An extract from cocoa may reduce nerve pathway damage for people suffering from Alzheimer’s disease.
The extract called Lavado seems to reduce the damage in the nerve pathways in the brain long before they develop symptoms.
The study at the Icahn School of Medicine at Mount Sinai suggests that Lavado prevents a protein from gradually forming sticky clumps in the brain which are known to damage nerve cells as Alzheimer’s disease progresses.
“Our data suggest that Lavado cocoa extract prevents the abnormal formation of A? into clumped oligomeric structures, to prevent synaptic insult and eventually cognitive decline,” says lead investigator Giulio Maria Pasinetti, MD, PhD, Saunders Family Chair and Professor of Neurology at the Icahn School of Medicine at Mount Sinai.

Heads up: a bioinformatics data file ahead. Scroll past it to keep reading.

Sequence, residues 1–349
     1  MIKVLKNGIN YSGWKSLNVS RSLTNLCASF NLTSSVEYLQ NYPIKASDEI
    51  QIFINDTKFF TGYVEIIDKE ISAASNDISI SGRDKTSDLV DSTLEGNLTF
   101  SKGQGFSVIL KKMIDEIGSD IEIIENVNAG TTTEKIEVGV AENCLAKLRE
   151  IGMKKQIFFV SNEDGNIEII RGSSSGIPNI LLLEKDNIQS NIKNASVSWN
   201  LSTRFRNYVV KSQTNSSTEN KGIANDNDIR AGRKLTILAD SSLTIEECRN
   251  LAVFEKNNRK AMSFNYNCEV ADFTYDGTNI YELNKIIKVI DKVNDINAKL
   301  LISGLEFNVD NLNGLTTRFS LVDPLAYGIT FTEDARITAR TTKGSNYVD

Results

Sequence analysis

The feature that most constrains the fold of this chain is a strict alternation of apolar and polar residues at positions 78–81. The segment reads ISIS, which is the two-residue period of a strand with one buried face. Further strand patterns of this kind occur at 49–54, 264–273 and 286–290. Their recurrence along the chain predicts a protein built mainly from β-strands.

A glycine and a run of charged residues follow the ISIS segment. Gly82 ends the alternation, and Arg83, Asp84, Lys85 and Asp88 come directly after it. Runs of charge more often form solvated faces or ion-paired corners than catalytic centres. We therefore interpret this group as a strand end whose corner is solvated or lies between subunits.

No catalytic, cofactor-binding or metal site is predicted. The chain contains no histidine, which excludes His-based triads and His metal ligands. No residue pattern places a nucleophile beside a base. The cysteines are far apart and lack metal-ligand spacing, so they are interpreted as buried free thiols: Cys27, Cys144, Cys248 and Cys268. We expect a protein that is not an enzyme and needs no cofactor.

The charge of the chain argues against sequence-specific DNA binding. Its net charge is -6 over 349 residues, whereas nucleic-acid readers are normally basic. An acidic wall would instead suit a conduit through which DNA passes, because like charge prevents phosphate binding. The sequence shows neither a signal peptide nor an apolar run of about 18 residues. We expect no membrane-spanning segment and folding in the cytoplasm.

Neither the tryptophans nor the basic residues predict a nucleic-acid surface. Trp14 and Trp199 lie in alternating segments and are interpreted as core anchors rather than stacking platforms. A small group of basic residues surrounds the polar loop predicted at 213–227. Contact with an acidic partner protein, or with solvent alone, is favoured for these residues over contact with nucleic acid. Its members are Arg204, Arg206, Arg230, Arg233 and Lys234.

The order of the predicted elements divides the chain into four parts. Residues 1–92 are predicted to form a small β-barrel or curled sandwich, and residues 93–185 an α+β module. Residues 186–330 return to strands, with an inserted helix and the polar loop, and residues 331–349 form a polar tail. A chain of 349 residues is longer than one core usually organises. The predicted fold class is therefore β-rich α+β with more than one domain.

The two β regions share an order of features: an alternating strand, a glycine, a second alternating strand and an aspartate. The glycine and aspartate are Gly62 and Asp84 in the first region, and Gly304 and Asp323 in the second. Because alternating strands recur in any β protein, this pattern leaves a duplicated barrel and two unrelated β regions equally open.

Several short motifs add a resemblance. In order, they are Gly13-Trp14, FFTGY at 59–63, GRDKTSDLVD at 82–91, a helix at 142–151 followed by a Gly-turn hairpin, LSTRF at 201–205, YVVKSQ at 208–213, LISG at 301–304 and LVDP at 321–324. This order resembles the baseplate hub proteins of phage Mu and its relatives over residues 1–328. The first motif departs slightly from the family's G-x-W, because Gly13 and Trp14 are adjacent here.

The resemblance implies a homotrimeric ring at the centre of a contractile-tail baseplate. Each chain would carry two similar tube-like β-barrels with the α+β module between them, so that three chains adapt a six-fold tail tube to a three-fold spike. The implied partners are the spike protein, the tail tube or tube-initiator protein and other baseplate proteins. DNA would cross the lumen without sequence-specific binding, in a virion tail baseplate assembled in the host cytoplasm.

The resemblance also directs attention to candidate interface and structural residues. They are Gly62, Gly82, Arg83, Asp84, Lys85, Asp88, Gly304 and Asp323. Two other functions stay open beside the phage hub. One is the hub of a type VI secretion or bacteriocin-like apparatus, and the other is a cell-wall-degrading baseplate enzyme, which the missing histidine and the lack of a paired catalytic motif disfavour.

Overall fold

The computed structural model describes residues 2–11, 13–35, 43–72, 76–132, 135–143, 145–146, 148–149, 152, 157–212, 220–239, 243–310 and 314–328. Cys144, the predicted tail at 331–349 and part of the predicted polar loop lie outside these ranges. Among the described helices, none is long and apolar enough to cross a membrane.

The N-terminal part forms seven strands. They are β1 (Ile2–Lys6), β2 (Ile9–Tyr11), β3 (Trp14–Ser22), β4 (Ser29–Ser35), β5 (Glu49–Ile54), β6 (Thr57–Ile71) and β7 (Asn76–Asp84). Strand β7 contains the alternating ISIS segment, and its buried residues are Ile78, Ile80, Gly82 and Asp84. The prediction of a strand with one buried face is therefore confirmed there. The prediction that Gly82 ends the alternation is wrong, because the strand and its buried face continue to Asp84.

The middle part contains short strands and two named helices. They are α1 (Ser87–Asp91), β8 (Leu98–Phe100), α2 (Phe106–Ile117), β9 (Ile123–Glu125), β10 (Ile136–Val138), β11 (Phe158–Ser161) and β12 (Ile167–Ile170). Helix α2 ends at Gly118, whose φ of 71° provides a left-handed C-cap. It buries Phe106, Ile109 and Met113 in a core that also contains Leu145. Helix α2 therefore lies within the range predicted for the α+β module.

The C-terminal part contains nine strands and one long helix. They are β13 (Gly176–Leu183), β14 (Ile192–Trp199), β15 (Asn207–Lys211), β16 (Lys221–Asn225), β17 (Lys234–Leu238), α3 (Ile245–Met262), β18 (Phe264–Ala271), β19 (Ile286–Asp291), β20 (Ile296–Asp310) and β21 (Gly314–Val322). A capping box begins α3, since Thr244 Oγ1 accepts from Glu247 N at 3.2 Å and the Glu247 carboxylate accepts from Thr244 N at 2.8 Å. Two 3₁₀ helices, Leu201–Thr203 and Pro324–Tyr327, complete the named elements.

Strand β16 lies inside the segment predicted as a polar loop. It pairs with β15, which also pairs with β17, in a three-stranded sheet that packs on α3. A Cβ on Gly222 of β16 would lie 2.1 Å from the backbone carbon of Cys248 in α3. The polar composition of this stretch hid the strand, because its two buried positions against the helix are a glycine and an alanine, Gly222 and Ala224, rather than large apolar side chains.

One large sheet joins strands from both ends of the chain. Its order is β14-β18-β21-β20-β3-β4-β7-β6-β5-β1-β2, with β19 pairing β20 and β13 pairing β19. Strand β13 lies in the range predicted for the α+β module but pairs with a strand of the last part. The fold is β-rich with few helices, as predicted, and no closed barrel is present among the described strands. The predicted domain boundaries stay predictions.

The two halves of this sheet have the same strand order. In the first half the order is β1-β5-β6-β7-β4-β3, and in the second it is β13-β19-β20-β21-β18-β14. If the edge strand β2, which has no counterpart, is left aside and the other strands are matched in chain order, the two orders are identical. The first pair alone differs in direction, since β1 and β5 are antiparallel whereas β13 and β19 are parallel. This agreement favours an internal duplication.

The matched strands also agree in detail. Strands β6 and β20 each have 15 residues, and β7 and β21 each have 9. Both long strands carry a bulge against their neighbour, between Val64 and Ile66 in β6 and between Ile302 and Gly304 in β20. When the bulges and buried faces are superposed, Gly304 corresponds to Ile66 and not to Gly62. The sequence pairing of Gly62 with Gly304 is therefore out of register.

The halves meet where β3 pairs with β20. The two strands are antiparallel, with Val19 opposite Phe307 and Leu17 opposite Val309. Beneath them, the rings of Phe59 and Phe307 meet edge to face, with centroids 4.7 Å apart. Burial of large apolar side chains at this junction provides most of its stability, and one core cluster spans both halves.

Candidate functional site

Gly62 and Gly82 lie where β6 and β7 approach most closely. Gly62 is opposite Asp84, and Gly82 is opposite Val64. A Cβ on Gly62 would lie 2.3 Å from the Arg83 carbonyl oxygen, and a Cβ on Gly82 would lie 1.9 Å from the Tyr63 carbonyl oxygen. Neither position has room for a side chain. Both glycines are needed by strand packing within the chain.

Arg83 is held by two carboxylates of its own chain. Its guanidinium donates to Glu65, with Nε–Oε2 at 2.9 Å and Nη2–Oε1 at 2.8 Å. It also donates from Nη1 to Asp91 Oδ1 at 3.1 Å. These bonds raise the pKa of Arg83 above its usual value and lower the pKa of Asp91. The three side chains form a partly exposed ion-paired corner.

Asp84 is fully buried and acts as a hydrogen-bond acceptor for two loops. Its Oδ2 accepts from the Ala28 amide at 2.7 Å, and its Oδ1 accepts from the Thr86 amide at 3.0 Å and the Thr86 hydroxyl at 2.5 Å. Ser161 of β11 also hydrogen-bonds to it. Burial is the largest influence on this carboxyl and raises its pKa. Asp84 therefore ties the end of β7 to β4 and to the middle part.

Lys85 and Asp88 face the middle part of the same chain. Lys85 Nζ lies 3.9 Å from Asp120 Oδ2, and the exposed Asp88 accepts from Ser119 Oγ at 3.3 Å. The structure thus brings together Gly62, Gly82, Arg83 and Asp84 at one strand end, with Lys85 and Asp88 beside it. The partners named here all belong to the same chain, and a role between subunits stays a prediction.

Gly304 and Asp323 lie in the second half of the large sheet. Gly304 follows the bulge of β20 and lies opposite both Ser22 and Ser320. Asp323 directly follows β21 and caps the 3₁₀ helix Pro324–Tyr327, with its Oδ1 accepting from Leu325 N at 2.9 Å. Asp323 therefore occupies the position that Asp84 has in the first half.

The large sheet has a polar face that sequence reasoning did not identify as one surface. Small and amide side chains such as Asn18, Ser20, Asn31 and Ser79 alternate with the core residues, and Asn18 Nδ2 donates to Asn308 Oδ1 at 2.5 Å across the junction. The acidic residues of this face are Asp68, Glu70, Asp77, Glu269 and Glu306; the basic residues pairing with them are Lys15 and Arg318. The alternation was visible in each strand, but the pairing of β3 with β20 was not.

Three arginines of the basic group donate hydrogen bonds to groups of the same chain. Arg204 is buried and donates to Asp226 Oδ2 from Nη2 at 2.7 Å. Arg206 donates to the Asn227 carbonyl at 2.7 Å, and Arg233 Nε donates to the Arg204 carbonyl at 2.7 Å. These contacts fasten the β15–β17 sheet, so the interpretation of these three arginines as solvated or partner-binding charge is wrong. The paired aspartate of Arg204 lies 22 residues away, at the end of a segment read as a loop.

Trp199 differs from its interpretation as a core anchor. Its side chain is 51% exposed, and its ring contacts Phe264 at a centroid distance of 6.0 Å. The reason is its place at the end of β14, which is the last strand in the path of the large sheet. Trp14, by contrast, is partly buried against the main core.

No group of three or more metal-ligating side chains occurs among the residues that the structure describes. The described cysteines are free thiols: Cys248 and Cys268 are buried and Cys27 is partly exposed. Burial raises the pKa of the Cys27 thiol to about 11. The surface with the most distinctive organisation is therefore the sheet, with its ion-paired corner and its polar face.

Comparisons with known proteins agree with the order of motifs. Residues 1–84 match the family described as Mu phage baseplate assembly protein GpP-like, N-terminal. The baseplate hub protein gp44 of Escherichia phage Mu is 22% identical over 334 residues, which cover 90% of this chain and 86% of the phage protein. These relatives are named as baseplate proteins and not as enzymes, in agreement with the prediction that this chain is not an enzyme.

“Given that cognitive decline in Alzheimer’s disease is thought to start decades before symptoms appear, we believe our results have broad implications for the prevention of Alzheimer’s disease and dementia.
The researchers have concluded that turning cocoa-based Lavado into a dietary supplement may provide a safe, inexpensive and easily accessible means to prevent Alzheimer’s disease, even in its earliest, asymptomatic stages.
The study is published in the Journal of Alzheimer’s Disease (JAD).